Wednesday, June 15, 2016

Warsan Shire’s teaching my mother how to give birth

I wish for all the world I had discovered her sooner. Warsan Shire’s teaching my mother how to give birth> was published in 2011 and her poems transcend time. If you know any women or are female you are going to want to read this. Born in Kenya as a Somali, now based in London, Warsan captures the nitty gritty of every woman you’ve ever met or happen to be yourself. Her words are dynamic, at times acidic, at times tender. She is honest, earthy, and opens up the reader with a razor they never knew was being applied. I urge you to obtain a copy of this collection, please savor these poems:


Sofia used pigeon blood on her wedding night.
Next day, over the phone, she told me
how her husband smiled when he saw the sheets,

that he gathered them under his nose,
closed his eyes and dragged his tongue over the stain.
She mimicked his baritone, how he whispered

her name—Sofia,
pure, chaste, untouched.
We giggled over the static.

After he had praised her, she smiled, rubbed his head,
imagined his mother back home, parading
these siren sheets through the town,

waving at balconies, torso swollen with pride,
her arms fleshy wings bound to her body,
ignorant of flight.

This poem isn’t for those who shy away from intimacy and women’s experiences. All over the world women are raised to keep their virginity for their husband. This poem illustrates the lengths women will go to protect their husband’s perception of them. It also beckons to how families present their values, the pride and the joy that comes with keeping family traditions. The reactions may seem dramatic but it is a dramatic moment, the consummation of marriage. I love that Warsan Shire is “no holds barred” in her portrayal.


On the drive to the hotel, you remember
the funeral you went to as a little boy,
double burial for a couple who
burned to death in their bedroom.
The wife had been visited
by her husband’s lover,
a young and beautiful woman who paraded
her naked body in the couple’s kitchen,
lifting her dress to expose breasts
mottled with small fleshy marks,
a back sucked and bruised, then dressed herself
and walked out the front door.
The wife, waiting for her husband to come home,
doused herself in lighter fluid. On his arrival
she jumped on him, wrapping her legs around
his torse. The husband, surprised at her sudden urge,
carried his wife to the bedroom, where
she straddled him on their bed, held his face
against her chest and lit a match.

This is a poem that I struggle to say anything about because the poem says it all. As a spouse, I can imagine the kind of rage that would cause such an extreme reaction. “Hell hath no fury like a woman scorned” could easily be the title of this poem. When I read it, I felt all the emotions that the wife must have felt and while initially surprised at the ending I also completely, deeply understood them to my core. What I really want to know is how you reacted?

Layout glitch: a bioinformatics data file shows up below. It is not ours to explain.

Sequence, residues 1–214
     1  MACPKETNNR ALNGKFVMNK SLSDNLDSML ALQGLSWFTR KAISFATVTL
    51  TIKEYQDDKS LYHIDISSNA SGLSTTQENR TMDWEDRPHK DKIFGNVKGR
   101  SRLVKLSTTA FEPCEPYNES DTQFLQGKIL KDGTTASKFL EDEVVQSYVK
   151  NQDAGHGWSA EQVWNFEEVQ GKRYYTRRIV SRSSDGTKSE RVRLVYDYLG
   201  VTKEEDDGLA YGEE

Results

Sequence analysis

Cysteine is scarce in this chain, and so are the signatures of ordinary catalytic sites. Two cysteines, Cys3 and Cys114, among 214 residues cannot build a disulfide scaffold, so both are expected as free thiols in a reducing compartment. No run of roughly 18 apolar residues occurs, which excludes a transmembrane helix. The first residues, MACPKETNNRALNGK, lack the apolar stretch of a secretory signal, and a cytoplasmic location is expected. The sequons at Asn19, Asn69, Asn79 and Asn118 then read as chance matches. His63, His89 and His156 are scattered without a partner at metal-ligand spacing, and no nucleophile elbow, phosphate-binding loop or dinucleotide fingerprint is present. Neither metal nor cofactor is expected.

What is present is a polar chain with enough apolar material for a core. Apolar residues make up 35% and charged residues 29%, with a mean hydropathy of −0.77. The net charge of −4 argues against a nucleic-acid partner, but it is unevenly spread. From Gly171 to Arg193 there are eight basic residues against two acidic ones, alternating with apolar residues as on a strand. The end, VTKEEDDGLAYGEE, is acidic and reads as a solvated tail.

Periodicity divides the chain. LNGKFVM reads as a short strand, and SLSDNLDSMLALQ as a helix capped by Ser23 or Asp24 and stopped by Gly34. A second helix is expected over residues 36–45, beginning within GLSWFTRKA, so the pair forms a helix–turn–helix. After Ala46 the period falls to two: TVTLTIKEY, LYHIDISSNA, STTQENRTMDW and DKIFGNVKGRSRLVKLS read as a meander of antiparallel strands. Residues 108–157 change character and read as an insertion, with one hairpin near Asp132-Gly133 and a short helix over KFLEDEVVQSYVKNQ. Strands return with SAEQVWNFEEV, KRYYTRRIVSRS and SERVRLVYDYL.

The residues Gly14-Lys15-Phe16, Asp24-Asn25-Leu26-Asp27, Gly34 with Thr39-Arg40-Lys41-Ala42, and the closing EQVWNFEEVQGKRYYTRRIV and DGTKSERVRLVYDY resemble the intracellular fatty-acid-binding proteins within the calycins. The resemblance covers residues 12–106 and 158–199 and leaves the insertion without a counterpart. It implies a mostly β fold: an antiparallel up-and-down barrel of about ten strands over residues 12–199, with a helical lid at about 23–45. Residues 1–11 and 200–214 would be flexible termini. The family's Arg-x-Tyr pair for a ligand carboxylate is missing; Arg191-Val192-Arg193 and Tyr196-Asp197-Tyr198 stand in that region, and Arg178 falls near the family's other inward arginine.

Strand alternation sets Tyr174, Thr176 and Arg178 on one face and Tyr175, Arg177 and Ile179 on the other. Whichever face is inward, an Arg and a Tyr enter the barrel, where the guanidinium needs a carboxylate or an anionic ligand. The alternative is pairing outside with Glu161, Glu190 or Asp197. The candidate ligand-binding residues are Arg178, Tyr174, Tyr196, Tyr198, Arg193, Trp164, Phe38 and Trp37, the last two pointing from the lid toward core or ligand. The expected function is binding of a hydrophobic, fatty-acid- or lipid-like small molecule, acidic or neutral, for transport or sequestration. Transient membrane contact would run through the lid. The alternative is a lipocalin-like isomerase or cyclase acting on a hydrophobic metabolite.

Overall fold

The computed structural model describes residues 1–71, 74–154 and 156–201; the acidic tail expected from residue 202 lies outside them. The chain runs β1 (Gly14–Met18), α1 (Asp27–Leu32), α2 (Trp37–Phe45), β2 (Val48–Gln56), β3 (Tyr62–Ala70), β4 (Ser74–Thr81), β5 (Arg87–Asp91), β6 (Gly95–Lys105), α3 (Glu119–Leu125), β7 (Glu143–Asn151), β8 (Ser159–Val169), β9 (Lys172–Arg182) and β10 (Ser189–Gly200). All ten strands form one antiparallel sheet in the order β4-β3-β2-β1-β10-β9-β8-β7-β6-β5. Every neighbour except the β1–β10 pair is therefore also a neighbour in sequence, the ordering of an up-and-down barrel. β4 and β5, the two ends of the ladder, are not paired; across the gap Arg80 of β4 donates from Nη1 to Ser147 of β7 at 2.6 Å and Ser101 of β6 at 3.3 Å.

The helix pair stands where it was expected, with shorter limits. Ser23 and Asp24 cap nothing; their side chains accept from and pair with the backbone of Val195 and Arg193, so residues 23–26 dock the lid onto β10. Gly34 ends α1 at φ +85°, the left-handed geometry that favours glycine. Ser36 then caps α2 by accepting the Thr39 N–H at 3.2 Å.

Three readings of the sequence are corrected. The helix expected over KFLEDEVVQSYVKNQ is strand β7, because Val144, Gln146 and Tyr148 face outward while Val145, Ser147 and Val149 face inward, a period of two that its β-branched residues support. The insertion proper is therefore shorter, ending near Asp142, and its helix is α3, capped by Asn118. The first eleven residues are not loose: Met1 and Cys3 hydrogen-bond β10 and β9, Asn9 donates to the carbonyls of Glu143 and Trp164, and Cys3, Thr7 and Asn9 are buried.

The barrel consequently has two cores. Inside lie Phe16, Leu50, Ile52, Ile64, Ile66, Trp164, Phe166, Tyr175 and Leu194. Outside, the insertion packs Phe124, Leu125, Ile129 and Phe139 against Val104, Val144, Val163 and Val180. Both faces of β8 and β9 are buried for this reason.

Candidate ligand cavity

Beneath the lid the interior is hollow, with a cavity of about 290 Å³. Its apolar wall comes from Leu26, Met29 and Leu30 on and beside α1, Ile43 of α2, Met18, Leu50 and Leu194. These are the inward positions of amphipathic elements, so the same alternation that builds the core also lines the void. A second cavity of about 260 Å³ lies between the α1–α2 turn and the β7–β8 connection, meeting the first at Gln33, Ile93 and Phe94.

From: Conversations About Home
(at the Deportation Centre)

They ask me how did you get here? Can’t you see it on my body? The Libyan desert red with immigrant bodies, the Gulf of Aden bloated, the city of Rome with no jacket. I hope the journey meant more than miles because all of my children are in the water. I thought the sea was safer than the land. I want to make love, but my hair smells of war and running and running. I want to lay down, but these countries are like uncles who touch you when you’re young and asleep. Look at all these borders, foaming at the mouth with bodies broken and desperate. I’m the colour of hot sun on the face, my mother’s remains were never buried. I spent days and nights in the stomach of the truck; I did not come out the same. Sometimes it feels like someone else is wearing my body.

A prose about refugee life that reaches deep. I often cry when I see how careless people are about immigrants coming to our country, how rare do you know their tragic back story. If we all knew the refugee as an individual I believe we would be far more open minded with a far more open heart. Here, Shire captures the feelings, the images, and the disconnect within one’s soul of a woman displaced from her country of origin. The feeling there is nowhere safe to sleep, whether it’s your own country or someone else’s. The raw images blow me away in this poem.

If you were struck by these poems, I would urge you to obtain a copy for yourself. You can purchase Warsan Shire’s teaching my mother how to give birth in paperback or via Kindle at:

While she isn’t active on Facebook I did read an interview that she is on Twitter, so please know that she is on social media and has more work out there. The link to the excellent interview I read about this collection and how Warsan Shire came to be who she is, is here:

Thanks always for reading, please drop in again soon.